It was bitter cold as I stepped away from the relatively warm comfort of the sleigh into the wind-driven snow. An elf on each side of me, I was led blind-folded through one of the most secret complexes known throughout history. Very few know its exact location, and none of them are mortal.
While I trudged unseeingly through knee-deep snow, I reminded myself how lucky I was to be here. Even though its his busiest time of the year, the big man himself had agreed to a short interview. Turns out the jolly old toy maker is an avid fan of the About.com U.S. Military site in the slower summer months.
"Santa likes to keep up on the latest military technology," the elf on my left explained, his high voice almost swept away by the howling wind. "As you know, Santa has to travel all over the world in a single night, and that means he has to take shortcuts through restricted military airspaces. He kind of likes to keep track on what's out there that could threaten his yearly mission."
That's exactly why I was here. I wanted to find out exactly what kind of advanced technology was in use to enable someone to travel around the world, visiting every single boy and girl, all in a single night. I suspected I was onto the story of the century.
"I'm afraid most of that is highly classified," said the jolly man in the bright red suit, as he thoughtfully stroked his clean white beard, a few minutes later in his study. I was sitting in a soft, fur-lined easy chair facing the legend himself. A steaming cup of hot chocolate was pleasantly warming the chill in my bones.
"Come on, Kris. I've traveled a long way. You've got to give me something." I wasn't looking forward to making that cold trek back to the sleigh empty-handed.
"Well," he said, "in simple terms it boils down to a combination of sheer speed and time distortion." Santa reached for a cookie on the desk and took a small sip of milk from the glass in his hand.
"As Albert Einstein proved in 1915, the faster one travels, the slower one experiences time. On my annual trip, what seems like 24 hours to you, seems like weeks to me."
"My sleigh employs a 9RP (Reindeer Power) power plant that is faster than any fighter aircraft in any military arsenal. I'm afraid the actual mach number is classified," he continued. "The sleigh also has a climb rate of 1T."
At my questioning look, Santa went on to explain, "That's one twinkle, which is a standard measure used by elves, fairy godmothers, and little stars. Also, part of my famous 'bowlful of jelly' belly is actually an advanced G-suit that helps me maintain consciousness in hard turns and climbs."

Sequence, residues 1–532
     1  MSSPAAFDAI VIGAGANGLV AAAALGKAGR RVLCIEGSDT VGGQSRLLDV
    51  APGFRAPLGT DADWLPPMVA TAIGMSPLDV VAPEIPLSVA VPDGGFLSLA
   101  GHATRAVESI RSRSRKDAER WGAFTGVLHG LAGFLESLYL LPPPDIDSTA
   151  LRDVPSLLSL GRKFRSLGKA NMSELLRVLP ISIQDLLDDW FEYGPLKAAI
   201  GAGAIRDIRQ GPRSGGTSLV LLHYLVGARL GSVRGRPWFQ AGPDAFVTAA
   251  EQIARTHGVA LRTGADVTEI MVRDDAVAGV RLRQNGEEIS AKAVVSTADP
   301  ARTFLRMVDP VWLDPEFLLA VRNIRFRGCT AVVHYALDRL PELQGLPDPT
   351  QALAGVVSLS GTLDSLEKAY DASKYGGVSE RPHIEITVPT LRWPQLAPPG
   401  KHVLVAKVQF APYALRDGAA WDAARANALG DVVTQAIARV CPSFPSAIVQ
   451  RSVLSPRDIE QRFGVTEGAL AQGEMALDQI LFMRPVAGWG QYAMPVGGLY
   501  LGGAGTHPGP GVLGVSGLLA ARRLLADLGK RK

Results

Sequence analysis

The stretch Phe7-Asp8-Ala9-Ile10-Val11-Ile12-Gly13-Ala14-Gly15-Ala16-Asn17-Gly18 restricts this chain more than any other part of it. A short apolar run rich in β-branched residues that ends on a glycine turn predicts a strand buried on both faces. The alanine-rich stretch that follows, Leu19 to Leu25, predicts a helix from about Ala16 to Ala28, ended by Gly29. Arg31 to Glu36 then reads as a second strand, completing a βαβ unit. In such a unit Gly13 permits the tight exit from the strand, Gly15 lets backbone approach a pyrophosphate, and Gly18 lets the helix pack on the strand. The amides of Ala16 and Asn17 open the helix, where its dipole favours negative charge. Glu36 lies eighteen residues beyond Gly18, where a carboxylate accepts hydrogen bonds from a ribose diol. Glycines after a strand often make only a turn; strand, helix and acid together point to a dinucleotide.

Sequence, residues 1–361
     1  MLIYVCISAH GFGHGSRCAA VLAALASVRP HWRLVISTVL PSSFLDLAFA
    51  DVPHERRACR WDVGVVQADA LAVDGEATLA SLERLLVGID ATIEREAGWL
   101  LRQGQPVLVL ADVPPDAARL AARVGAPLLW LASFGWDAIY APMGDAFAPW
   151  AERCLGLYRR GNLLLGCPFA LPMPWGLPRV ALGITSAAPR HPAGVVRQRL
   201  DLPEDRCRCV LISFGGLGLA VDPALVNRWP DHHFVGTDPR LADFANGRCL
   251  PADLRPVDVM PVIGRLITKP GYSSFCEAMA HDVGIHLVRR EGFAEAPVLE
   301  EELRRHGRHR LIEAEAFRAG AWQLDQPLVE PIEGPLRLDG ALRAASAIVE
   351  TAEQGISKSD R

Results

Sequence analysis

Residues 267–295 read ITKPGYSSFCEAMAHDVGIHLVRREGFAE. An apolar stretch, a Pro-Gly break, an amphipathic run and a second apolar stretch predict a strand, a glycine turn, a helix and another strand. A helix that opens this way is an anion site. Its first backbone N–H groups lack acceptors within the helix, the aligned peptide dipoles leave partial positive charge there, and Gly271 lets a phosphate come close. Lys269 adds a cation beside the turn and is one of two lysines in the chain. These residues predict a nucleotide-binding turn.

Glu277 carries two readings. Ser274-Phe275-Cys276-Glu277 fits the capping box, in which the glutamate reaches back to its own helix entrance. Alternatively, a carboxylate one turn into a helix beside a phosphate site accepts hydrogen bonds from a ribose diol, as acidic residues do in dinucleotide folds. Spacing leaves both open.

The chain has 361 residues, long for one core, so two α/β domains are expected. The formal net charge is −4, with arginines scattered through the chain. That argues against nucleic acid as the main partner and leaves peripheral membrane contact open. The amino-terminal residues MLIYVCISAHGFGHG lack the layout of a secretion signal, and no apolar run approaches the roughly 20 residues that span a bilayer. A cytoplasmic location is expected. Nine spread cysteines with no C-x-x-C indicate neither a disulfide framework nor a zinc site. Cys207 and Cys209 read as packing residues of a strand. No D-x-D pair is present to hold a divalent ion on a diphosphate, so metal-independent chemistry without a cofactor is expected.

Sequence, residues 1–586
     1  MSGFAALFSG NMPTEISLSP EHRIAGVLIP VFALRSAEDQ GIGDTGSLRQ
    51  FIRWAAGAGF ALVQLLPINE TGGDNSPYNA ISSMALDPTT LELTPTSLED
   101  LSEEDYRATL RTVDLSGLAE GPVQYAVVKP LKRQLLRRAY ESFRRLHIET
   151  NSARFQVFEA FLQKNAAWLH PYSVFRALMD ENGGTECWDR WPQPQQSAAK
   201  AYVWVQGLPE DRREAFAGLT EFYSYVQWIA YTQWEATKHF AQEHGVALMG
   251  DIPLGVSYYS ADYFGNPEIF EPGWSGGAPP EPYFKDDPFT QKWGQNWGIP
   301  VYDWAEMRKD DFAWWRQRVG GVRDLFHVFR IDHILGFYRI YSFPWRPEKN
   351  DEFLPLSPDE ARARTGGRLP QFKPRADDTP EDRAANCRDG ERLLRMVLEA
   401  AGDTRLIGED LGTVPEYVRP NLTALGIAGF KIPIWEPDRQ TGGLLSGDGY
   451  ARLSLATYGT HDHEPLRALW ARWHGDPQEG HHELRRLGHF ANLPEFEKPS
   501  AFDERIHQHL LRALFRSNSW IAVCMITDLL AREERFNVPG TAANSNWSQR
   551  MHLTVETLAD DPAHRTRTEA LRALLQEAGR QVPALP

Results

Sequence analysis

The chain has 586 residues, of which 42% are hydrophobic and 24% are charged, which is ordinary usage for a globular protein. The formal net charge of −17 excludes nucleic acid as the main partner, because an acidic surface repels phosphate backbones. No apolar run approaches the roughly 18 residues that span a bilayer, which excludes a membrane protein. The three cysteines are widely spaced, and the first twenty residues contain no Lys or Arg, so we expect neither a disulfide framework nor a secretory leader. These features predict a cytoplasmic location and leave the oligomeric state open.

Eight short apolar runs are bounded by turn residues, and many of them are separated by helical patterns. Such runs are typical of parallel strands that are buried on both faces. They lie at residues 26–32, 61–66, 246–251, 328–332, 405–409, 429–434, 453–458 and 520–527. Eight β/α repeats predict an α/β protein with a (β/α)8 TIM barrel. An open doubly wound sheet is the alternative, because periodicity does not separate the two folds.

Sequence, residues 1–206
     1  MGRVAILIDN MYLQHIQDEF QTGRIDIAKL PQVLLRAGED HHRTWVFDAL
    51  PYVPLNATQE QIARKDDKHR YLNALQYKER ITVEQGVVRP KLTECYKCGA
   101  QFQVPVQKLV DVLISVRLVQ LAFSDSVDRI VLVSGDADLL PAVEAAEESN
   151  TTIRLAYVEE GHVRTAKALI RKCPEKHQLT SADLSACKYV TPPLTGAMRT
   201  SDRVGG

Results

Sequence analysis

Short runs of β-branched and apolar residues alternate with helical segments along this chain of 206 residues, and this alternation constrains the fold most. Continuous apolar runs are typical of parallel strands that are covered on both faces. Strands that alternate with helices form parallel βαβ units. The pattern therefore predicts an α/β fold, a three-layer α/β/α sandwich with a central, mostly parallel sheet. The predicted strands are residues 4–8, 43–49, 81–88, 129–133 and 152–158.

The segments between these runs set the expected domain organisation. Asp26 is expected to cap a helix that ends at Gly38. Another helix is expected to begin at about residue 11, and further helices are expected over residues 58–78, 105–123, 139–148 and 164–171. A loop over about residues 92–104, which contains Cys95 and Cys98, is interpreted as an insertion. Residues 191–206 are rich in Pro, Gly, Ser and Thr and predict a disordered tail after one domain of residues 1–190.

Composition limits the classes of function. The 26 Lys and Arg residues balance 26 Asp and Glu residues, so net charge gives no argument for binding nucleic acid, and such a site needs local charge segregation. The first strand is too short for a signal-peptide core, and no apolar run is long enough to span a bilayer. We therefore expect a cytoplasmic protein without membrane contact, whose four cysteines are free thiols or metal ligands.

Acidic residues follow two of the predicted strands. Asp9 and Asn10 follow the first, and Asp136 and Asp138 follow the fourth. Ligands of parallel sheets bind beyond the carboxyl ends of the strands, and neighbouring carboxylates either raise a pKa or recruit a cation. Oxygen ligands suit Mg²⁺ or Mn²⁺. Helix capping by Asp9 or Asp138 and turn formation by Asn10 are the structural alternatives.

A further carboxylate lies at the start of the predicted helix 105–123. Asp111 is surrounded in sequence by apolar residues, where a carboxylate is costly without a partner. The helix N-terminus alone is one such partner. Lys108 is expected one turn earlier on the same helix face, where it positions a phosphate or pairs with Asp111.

"That's amazing!" I exclaimed. "That explains why no country's military has ever accidentally shot you down."
The old man gave a chuckle. With typical fighter pilot bravado he said, "If anyone tried, I'd just throw those 9P's into afterburner, and I'm outta there!"
"Seriously," he continued, "While my sleigh employs some pretty sophisticated counter measures -- sorry, those are also classified -- I've never had to use them. I've never been shot at."
Santa reached for another cookie. "Part of this is probably because of the full disclosure agreement I made with the North American Aerospace Defense Command (NORAD) way back in 1955. That year a Colorado department store ran an advertisement inviting calls to me. But the number advertised was one digit different from the NORAD emergency phone. Col. Harry Shoup, the on-duty crew commander for the former Continental Air Defense Command, took the first call and told the young caller that they had spotted Santa on the radar."
"When I read about it in the paper, I couldn't help but give out a loud 'Ho-Ho-Ho'," Santa chuckled. "But then I thought it over. Why not cooperate with NORAD so that they could track my trip? In that way, they could provide my flight progress information to all the little children in the world. As an added benefit, military forces around the world would know its me and not some hostile invasion force."
Each year, Santa provides his flight plan to NORAD in order to make it easier to track his progress. He's also supplied them with the unique infrared signature of the sleigh, which is unusually pronounced because of the red nose of the lead reindeer, Rudolph.
With improved technology over the years, Santa is now tracked by satellite and by SantaCams strategically placed in undisclosed locations around the globe.
Tiny tots with their eyes all aglow who find it hard to sleep can log on to www.noradsanta.org for updates. Beginning at 2:00 am MTN on Christmas Eve, Santa can be tracked live as he makes his annual journey to bring toys to all the boys and girls around the world.
As with previous years, as Santa enters North American airspace over Newfoundland, Canadian F/A-18 Hornets will escort him to the United States. They will make the handoff over New Brunswick, Maine, to a flight of Air Force F-15 Eagles or F-16 Falcons.
"I have to slow down quite a bit so they can keep up with me," Santa said as we concluded our interview. "But, it's become somewhat of a tradition, and the pilots get a big kick out of flying along side of Dasher, Dancer, Prancer, Vixen, Comet, Cupid, Donner, Blitzen and Rudolph."
As my elf escort led me back through the bitter cold to my special sleigh transportation, I thought of one question I forgot to ask. "Why couldn't the elves park that sleigh closer to the door?"